In lieu of an abstract, here is a brief excerpt of the content:

  • Lexical Evidence for Early Contact between Indonesian Languages and Japanese
  • Ann Kumar and Phil Rose

Forty-one pairs of words with CVCVC structure selected from Old Japanese and Old Javanese dictionaries are presented. It is claimed that these are the result of borrowing into an antecedent of Old Japanese from an Indonesian source. Semantic relationships are discussed, and sound correspondences are specified within a discussion of the segmental phonology and phonotactics of the two languages. The agreement in phonological form is shown to be extensive, applying in some cases to up to five segments in each word pair, and to also make sense, given the phonotactic restrictions of the recipient language. The semantic agreement is often also of comparably high specificity, showing moreover a further level of structure in its partial resolution into semantic fields, including some that resonate with nonlinguistic findings related to ritual and rice cultivation in the Yayoi period of early Japanese history. The amount of agreement in semantic and phonological form is shown statistically to be greater than chance. The argument is further strengthened by several additional independent levels of agreement in the data that are discussed within a Bayesian framework. The phonological correspondences map unidirectionally from Old Javanese to Old Japanese, and a search for cognates in all Austronesian languages covered by the major comparative dictionaries reveals that the lexical items are localized to the Indonesian subarea of Malayo-Polynesian. This points to one or more Indonesian languages as the source of the borrowings. The agreement between semantic and archaeological evidence on material and spiritual culture dates the contact to the Yayoi period. The semantic evidence further suggests that, contrary to the received view, important Yayoi innovations are likely to have been introduced into Japan from the south, and not from China or Korea as usually supposed.

1. Introduction1

1.1 Aim.

We wish in this paper to present some linguistic data that are indicative of an early interaction between Japanese and one or more of the so-called "Western Malayo-Polynesian" languages, most probably of Indonesian origin.

1.2 Background.

Nonlinguistic evidence from rice genetics and rituals relating to kingship (Kumar 1992), and from biological anthropology and mitochondrial [End Page 219] DNA (Kumar 1998), has provided considerable support for a Western Malayo-Polynesian, and most probably specifically Indonesian, influence on early Japan. The first author has suggested that this took place in the Yayoi period (early centuries B.C. and A.D.). An attempt was therefore made to find out whether any linguistic evidence also existed to support this hypothesis. It was assumed that if such evidence existed, it would, of course, be locatable in historical varieties of Japanese, and in some Western Malayo-Polynesian (WMP) languages.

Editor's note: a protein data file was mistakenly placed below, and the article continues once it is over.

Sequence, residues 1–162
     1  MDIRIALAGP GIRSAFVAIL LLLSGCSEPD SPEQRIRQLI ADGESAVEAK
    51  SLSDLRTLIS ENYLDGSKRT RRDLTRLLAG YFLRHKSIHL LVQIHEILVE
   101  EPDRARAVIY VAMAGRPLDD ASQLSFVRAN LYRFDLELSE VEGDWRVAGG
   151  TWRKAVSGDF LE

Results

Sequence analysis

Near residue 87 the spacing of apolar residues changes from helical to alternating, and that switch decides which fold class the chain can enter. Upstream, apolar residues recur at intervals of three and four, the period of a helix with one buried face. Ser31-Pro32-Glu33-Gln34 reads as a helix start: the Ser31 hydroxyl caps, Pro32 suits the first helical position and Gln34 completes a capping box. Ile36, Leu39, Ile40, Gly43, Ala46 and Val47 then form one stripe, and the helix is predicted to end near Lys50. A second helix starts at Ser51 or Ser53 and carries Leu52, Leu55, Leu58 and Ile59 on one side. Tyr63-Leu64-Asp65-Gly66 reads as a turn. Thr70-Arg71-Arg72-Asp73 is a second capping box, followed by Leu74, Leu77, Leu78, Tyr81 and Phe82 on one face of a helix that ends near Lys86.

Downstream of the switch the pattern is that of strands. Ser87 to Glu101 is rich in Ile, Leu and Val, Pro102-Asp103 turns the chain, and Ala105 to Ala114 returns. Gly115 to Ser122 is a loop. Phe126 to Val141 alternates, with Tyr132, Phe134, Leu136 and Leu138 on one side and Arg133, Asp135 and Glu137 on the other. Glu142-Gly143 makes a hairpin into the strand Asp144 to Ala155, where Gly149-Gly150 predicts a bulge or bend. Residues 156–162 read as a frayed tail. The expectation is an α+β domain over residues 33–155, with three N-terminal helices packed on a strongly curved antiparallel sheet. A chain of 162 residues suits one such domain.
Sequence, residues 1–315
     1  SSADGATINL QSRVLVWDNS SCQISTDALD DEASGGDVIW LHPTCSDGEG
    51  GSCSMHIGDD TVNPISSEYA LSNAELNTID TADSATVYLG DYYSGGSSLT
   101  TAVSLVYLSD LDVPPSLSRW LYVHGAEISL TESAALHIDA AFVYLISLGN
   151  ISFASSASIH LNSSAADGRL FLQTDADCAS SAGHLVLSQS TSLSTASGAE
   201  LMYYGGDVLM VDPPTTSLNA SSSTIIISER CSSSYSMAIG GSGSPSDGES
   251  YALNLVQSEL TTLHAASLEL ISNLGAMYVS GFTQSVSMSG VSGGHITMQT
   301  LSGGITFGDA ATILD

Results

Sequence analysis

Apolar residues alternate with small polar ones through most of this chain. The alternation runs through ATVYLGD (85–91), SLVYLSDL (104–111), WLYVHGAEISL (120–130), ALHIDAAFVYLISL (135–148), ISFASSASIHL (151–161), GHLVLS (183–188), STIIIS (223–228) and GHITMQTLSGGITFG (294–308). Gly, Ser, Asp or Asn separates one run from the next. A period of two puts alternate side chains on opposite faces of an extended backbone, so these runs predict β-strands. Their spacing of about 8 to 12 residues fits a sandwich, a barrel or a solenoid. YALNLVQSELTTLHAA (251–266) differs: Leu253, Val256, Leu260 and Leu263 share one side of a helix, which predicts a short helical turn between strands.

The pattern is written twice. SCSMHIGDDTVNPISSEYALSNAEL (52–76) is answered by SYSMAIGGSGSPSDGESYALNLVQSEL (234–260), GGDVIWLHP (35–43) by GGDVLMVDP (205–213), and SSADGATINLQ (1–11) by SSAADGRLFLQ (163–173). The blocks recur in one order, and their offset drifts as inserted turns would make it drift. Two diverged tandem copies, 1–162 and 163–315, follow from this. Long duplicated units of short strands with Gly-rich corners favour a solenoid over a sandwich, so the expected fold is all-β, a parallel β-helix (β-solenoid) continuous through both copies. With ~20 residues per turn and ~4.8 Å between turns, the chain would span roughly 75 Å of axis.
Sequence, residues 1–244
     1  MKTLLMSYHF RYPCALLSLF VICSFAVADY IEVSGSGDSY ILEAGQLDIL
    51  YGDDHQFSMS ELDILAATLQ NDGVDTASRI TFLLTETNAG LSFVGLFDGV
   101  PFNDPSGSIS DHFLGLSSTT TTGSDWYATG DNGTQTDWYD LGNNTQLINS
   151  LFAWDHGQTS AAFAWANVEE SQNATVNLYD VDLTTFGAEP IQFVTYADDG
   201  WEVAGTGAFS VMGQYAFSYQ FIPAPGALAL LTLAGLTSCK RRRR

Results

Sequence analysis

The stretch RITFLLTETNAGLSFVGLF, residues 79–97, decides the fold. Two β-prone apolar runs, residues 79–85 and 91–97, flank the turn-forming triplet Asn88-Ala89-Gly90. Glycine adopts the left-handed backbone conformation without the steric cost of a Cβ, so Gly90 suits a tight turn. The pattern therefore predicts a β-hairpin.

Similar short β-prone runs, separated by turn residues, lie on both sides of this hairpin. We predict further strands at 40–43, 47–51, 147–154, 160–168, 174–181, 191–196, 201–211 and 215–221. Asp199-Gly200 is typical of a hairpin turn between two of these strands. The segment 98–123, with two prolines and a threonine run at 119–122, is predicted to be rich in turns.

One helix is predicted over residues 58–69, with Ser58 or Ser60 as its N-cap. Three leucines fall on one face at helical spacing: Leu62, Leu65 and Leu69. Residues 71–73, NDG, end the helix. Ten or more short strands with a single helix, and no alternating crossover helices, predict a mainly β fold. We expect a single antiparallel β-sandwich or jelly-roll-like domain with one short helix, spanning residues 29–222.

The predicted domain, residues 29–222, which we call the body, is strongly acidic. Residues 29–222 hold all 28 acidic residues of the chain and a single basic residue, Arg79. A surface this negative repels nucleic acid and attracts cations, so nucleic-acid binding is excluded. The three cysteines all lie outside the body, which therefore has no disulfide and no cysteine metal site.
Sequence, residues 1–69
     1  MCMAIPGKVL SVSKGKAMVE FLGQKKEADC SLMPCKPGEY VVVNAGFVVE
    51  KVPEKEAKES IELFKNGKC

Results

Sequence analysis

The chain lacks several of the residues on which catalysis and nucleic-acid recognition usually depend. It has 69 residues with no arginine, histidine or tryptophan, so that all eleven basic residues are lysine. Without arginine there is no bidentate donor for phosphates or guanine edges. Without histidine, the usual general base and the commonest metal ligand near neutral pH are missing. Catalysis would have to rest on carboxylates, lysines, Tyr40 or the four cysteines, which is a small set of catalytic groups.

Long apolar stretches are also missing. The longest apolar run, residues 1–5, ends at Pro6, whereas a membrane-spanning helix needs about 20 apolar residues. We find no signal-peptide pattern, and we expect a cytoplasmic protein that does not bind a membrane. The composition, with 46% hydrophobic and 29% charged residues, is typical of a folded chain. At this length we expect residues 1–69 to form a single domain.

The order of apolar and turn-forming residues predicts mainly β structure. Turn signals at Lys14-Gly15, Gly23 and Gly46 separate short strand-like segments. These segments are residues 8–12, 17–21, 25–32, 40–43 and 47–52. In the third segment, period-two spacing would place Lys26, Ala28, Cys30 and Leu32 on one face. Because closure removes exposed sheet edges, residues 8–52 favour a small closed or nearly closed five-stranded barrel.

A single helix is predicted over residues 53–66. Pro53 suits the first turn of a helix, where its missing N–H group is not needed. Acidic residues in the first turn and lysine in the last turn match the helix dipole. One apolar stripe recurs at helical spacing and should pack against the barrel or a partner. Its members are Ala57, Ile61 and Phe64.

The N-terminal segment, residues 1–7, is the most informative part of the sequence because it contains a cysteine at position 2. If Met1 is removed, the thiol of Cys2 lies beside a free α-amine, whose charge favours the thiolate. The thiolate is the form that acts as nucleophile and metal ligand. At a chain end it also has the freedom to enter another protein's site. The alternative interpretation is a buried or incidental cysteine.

The results of the investigation showed that there was indeed lexical influence, and this is described in detail below. We first present background information on the two languages we compared—Old Japanese and Old Javanese—and give reasons why the latter was selected as our WMP language. Next we describe the procedure we used to compare lexical material in Old Japanese and Old Javanese. We then present and discuss the results. The second author also addresses the question of whether the high degree of phonological and semantic similarity demonstrated can be shown probabilistically to be indicative of nonfortuitous, bona-fide borrowing.

Attempts to link Japanese genetically with other languages abound. We would like to emphasize that we make no claim in this paper for genetic relationship.

2. Languages Compared

2.1 Old Japanese.

The history of Japanese is divided into a number of different periods. The first, Proto-Japanese, may be dated to the period 300-400 B.C. to 300-400 A.D., a time span corresponding to the Yayoi culture, possibly continuing into the succeeding Kofun period. It is generally agreed that Old Japanese is the language of the oldest extant written records and of eighth-century Nara literary works such as the Kojiki and Man'yōshū, but scholars differ as to when it ends. Some scholars consider Old Japanese to go up to the tenth century at the latest, while Miller (1967:37-39) distinguishes a "late Old Japanese" that includes...